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  6. I went to Mass today in a Church where I never attended previously. The priest did his best and made a great effort to engage with the people, especially the children who had just made their First Holy Communion and Confirmation. However, I felt the real presence of Jesus was in the faith and devotion of the people present. This parish would be classed in socio-economic terms as one of the poorest and most disadvantaged in the country. However, I was struck by the richness of Christ's presence in the people. I don't find that in many congregations. I think Jesus is more at home in people who are humble and have no pretensions about themselves.He was poor himself and had little time for pretentious nonsense.
    In my humble opinion,the clergy are limping behind the people. Most people have no interest in church politics or in the finer points of theology. While the powers that be vie for the key positions and wrangle about canon law, the real faith is lived out in the people. No doubt there are good and holy priests, human ones too, but being a cleric carries a lot of risk. It can lead to a sense of pride and entitlement, self-importance, self-delusion even. The priest is an essential part of the Eucharistic celebration, but so are the people. I think clericalism has done the Church little good and is largely synonymous with pharisaism in the minds of many. People have lost trust and faith in priests and with good reason. Priesthood will always be essential to the life of the Church but it needs an overhaul.The seminary system doesn't seem to correspond well to the modern world. It seems to be producing ideologues rather than pastors in many instances.

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    1. I agree with you that the "sheep" are way ahead of the "shepherds".

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    2. Well the point of seminary is to educate and prepare. You can't expect a priest to study for a couple of years and have the answers to everything. It is only through getting out among the people and actually ministering to people that priests develop. I think you are being a bit unfair to priests and to the seminary system to expect them to churn out fully formed pastors. It's like expecting handing a medical student a scalpal on graduation day and sending them off to be a neuro-surgeon. It's not realistic and not fair to expect it. When you meet those wise old priests, don't assume they were that wise at birth. It's through life experience.

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    3. I don't think you can be a good pastor without first being grounded in your faith. You need to be able to be trained for the life and to know your faith more deeply than an ordinary person. You are the head of the congregation and your advice will be sought by people. You can't tell them you don't know the answer to their question but you are fantastic at holding their hand. it's not an either/or situation. Be a great pastor or be grounded and knowledgeable of the faith. You need both. You learn the latter in seminary and the former is developed through experience.

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    4. Well, when the shephard starts allowing himself to be led by the sheep rather than the shephard leading the sheep I think it is evident there will be a disaster.

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    5. Sorry. those posts (15.32 and 15.29) are mine. I should say that I think the men themselves have to take some responsibility. No matter what the training a priest is as good a priest as they want to me. My impression with some priests such as Timothy Bartlett (and I am sure there are others I can't think of) they don't seem to have any interest in being a pastor or being grounded in their faith. They are career priests. If they weren't priests they would be CEOs or Bank Managers. But they figured that the Catholic Church is a good career move. Perhaps I am horribly misjudging them but they seem only interested in moving up the clerical ladder, making bishop, having a bit of power. I don't know anything about Tim Bartlett but does he actually do any ministry? Is he in a parish? Does he go out to do sick calls or pop into the hospital to visit the sick? If he does then I deeply apologise for this comment. But my strong suspicion is that he does zero ministry. He is only in it for the kudos. That's not to say there aren't amazing priests out there. (Rob Newry)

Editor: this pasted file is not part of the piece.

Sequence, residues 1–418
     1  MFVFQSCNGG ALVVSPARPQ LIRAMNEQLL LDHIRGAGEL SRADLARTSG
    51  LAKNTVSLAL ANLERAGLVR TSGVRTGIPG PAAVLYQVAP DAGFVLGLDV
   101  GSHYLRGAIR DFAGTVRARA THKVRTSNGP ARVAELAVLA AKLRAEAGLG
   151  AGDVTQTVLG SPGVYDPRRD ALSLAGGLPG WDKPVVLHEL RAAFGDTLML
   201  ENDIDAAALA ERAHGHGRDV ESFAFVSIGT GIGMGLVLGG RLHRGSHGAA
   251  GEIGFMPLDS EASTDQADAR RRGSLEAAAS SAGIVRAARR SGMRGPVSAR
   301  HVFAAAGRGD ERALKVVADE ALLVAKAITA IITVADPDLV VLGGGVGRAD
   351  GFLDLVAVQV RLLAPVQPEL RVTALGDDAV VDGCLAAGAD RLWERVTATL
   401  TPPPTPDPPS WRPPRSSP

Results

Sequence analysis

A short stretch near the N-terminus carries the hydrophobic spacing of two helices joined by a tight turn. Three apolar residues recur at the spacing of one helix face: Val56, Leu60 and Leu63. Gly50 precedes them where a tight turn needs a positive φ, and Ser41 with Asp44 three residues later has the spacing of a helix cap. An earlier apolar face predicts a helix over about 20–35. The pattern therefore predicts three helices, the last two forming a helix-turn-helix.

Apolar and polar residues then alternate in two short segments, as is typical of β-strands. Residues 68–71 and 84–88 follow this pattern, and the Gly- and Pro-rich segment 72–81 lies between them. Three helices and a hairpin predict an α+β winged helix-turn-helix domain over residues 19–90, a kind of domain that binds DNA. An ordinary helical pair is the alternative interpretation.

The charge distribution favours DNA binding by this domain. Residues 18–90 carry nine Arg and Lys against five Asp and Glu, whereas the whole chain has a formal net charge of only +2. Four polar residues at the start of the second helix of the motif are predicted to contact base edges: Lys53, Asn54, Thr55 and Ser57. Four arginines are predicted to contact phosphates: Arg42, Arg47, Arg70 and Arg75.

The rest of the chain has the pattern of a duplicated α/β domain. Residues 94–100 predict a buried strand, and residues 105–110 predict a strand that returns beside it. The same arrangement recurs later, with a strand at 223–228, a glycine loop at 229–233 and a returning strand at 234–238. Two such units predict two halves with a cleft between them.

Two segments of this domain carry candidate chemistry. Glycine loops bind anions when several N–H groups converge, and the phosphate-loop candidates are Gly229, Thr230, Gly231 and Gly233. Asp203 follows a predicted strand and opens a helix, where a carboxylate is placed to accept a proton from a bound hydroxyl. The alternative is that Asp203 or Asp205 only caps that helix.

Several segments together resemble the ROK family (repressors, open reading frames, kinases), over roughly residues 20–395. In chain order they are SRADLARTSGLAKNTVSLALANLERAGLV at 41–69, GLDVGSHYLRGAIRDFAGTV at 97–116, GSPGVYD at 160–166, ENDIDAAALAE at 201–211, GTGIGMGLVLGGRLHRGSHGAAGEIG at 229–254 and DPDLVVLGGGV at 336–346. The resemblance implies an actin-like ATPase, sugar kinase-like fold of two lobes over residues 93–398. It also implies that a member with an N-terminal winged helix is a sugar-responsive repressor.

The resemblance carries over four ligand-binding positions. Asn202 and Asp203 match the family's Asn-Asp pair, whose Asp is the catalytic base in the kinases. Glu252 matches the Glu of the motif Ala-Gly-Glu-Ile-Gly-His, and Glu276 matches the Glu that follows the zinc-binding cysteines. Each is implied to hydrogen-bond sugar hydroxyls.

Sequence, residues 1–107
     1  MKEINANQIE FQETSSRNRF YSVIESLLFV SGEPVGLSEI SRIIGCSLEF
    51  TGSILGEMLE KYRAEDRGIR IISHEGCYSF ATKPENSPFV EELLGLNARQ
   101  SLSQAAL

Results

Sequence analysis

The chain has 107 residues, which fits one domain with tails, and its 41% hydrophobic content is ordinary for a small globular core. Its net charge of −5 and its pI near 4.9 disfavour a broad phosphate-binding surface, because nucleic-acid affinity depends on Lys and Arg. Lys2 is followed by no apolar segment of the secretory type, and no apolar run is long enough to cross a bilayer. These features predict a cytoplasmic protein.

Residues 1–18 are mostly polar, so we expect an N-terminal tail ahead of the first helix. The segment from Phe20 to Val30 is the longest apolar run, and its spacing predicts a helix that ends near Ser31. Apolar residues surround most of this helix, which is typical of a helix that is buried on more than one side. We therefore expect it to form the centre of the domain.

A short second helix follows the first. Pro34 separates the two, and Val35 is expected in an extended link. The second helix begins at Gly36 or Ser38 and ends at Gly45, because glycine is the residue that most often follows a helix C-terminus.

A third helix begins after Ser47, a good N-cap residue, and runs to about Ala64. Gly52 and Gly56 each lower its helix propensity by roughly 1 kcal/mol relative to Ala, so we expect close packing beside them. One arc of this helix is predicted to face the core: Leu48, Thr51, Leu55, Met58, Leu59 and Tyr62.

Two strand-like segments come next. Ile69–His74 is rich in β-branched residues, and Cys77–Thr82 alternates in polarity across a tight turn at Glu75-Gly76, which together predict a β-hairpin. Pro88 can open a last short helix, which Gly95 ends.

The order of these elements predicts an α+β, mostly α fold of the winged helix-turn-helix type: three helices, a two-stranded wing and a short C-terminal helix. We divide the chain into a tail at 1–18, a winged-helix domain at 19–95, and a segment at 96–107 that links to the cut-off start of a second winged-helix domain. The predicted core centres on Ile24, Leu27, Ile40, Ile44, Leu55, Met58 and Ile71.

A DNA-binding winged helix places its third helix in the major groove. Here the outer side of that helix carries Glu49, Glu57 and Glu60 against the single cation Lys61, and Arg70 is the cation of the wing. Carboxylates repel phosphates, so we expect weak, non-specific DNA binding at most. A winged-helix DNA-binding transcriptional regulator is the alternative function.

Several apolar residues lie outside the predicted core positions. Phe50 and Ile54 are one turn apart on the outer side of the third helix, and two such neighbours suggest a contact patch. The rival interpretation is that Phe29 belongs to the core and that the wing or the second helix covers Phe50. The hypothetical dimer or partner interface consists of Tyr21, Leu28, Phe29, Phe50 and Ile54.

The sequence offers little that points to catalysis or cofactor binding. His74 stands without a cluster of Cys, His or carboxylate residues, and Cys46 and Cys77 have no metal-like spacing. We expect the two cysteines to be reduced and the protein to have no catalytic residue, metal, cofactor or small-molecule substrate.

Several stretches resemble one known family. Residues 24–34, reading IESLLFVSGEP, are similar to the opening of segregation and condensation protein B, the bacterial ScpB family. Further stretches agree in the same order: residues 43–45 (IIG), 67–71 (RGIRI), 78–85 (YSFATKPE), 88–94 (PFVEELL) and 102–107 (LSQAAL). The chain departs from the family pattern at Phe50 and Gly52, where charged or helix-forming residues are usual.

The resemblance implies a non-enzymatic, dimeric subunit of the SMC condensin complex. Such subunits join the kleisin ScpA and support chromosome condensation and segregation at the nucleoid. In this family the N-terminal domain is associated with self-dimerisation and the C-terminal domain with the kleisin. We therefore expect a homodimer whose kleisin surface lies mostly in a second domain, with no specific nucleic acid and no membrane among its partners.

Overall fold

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    6. Tim Bartlett is a briefcase cleric, desperate to be a bishop. Heaven preserve the Church from his dream coming true.

      He has never done a day's pastoral work in his life and he inveigled himself into Armagh, from Down and Connor, making himself indispensable to the walking, talking disaster that was Cardinal Sean Brady.

      Bartlett doubtlessly thought that "stage-managing" and spin-doctoring even a hapless liability of a Cardinal like Sean Baptist, would be a sure ticket to his own being raised to "the dignity of the episcopate".

      Well, we can see how well his managing Sean Brady turned out!!! Eamon Martin sent him back home to Down and Connor. Armagh says "good riddance" and, to D&C, "keep him"!!! The D&C priests, of course, don't want him either!

      Noel Treanor has had to invent high-falutin roles and titles for 'wannabe-a-bishop' Bartlett, who is too precious to get his hands dirty and cufflinks tarnished in a parish, doing an honest day's pastoral work.

      It's pathetic but the Church is riddled with such men who came to be served and not to serve. Ultimately, they are serving and pleasing themselves.

      TB reminds me of a saying attributed to St John XXIII: "there would appear to be a shortage of vocations to the priest; but there is no shortage of priests who feel they have a vocation to the episcopate!"

      Armagh Sagart.

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    7. Pat the Sheep are ahead of the Shepherds but can they find a safe field to pitch their tents